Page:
Eric Almirola scores key victory at Foxwoods Casino 301
Trouble visited the race on Lap 6 when NASCAR officials allowed the race to proceed despite rain falling. Both leader Kyle Busch and second place Martin Truex, Jr., - who are teammates at Joe Gibbs Racing - spun on the wet track.
Aric Almirola's season of disappointment took a big-time turn for the better on Sunday when he won the darkness-shortened, weather-disrupted Foxwoods Casino 301 at New Hampshire Motor Speedway.
The victory in the race, which was shortened from 301 to 293 laps because of darkness, was Almirola's first of the season and puts him into the playoffs, a position that he was in huge danger of missing when he arrived at the New Hampshire mile.
The finish was just his second in the top five all season. He entered the race 27th in points and with just five races remaining before the start of the 16-driver, 10-race playoffs.
Almirola also gave Stewart-Haas Motorsports its first victory of the season. It was the fourth of his career.
A year ago, Almirola had six top-five finishes and 18 top-10s in making the playoffs on points.
Finishing second was Christopher Bell of Team Penske, who made a race of it when Almirola got stuck in traffic with under 10 laps to go. The margin of victory was .69 seconds.
Third was Brad Keselowski of Team Penske.
His teammate Joey Logano, who survived a two-lap penalty early in the race, finished fourth.
Ryan Blaney of the Penske team was fifth while Kevin Harvick, looking for his first win of the season, was sixth after leading a race-best 66 laps.
Trouble visited the race on Lap 6 when NASCAR officials allowed the race to proceed despite rain falling. Both leader Kyle Busch and second place Martin Truex, Jr., - who are teammates at Joe Gibbs Racing - spun on the wet track. Several other cars, including that of JGR's Denny Hamlin, spun further back in the field.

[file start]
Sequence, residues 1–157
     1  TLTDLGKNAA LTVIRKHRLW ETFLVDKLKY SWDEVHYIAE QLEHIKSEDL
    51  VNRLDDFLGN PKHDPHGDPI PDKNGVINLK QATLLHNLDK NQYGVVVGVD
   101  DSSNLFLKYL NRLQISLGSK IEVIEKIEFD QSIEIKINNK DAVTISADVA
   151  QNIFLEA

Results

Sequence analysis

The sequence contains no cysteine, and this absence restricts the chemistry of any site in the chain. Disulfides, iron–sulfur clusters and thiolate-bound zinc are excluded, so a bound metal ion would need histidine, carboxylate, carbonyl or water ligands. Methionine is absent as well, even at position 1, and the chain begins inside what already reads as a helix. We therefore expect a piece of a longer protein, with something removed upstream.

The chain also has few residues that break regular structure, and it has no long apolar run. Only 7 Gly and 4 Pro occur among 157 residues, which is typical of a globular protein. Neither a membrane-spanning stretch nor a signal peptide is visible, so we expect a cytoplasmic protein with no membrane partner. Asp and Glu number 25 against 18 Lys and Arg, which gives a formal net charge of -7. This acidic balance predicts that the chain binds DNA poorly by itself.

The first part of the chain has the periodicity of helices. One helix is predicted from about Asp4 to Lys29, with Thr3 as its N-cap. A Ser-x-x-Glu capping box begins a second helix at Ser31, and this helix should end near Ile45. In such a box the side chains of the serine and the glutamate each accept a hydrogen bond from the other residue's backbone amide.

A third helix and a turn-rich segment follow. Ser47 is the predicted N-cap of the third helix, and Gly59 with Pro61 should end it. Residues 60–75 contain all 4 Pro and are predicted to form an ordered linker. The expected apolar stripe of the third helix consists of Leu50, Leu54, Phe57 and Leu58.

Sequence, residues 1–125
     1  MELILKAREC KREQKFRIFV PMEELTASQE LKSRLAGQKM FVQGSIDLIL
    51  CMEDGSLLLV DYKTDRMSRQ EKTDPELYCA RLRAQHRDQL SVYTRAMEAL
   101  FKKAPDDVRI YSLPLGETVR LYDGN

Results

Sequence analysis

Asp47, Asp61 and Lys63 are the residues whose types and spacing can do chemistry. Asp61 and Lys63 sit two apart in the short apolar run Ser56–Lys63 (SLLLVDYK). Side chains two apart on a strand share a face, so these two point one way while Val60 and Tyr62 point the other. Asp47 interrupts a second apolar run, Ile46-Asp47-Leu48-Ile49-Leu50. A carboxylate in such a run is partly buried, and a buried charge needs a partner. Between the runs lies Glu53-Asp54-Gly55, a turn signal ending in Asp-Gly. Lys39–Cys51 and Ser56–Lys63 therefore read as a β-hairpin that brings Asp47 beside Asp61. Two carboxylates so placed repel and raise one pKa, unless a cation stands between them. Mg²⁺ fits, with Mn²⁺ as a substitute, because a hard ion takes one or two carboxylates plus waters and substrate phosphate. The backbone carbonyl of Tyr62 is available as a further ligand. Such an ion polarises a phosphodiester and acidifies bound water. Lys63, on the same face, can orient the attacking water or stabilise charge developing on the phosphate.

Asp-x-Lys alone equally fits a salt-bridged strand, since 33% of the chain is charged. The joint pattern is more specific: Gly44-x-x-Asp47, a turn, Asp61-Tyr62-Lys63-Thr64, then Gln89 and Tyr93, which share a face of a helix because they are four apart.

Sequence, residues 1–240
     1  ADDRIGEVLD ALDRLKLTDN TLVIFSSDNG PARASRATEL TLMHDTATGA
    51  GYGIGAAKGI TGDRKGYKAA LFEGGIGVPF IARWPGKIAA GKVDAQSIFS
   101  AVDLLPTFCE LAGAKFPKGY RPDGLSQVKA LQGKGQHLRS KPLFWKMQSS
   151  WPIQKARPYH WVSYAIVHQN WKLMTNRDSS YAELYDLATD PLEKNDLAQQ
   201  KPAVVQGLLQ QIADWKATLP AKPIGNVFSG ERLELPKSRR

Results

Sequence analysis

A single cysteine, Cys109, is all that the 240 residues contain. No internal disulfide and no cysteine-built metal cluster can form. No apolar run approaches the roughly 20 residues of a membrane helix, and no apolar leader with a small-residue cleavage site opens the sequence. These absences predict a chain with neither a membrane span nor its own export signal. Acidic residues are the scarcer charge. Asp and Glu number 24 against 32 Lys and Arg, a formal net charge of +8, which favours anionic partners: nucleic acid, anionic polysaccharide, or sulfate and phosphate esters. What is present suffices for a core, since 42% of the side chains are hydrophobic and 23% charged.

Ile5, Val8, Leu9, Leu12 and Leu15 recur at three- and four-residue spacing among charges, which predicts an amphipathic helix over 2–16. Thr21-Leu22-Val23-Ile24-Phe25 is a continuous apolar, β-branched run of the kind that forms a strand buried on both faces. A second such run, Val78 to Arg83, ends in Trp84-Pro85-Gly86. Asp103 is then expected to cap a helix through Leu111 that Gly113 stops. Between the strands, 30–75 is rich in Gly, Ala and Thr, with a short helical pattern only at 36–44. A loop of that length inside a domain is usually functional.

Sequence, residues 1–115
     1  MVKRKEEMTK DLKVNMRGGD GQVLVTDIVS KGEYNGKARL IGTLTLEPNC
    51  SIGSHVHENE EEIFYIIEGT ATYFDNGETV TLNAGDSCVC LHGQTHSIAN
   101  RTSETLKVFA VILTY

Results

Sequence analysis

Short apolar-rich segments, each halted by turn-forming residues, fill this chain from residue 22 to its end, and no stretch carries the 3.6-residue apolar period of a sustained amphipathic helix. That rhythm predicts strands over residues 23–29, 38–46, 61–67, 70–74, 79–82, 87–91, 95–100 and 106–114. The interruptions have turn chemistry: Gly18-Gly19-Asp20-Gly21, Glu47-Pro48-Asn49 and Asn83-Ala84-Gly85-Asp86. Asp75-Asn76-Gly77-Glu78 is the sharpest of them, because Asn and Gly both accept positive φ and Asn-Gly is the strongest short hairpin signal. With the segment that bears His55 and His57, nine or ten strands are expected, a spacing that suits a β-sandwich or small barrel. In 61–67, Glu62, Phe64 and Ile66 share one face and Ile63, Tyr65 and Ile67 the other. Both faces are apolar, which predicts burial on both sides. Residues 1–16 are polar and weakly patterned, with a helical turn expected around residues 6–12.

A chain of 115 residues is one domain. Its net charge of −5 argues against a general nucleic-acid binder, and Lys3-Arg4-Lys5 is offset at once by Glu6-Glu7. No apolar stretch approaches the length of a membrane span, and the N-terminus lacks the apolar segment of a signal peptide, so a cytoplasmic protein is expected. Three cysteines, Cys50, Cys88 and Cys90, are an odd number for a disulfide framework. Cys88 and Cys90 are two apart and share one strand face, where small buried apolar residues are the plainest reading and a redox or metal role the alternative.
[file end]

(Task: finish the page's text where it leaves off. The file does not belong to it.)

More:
The car of Busch, which started on the pole, suffered major damage from hitting the wall and he was out of the race.
Officials threw the caution flag and then the red flag to stop the race.
"We started the race under a mist," Busch, who is coming off a runner-up finish to his brother Kurt a week ago at Atlanta, said. "It never should have went green to begin with. But then it kept getting worse and worse. The lap before (the spins), I went into (Turn) 1 and it shoved the nose really bad and I was able to keep it under control.
"We'd been talking about it for two laps that it was raining. No sense in saying what I want to say. It doesn't do you any good. We're done. We're going home."
Truex, who suffered less damage than Busch, said, "I hollered on the radio (to NASCAR officials) that the track is wet. Like wet, wet."
Said Denny Hamlin, whose car suffered minor damage, "You just rely on NASCAR to do their part and that is allowing the corner spotters to tell them when the surface is unsafe or for debris, rain, whatever it is."
Steve O'Donnell, executive vice president and chief racing development officer for NASCAR, said there was a mist falling in the laps leading up to the wreck and that the rain picked up. But, "just as (the starter) was about to put out the yellow, we looked down and the 18 car (Busch) was already getting loose. The track got slick in a hurry."
The race resumed at about 5:30 p.m. Eastern with Chase Elliott in the lead.
The series will take the next two weekends off before returning to the road course at Watkins Glen on Aug. 8.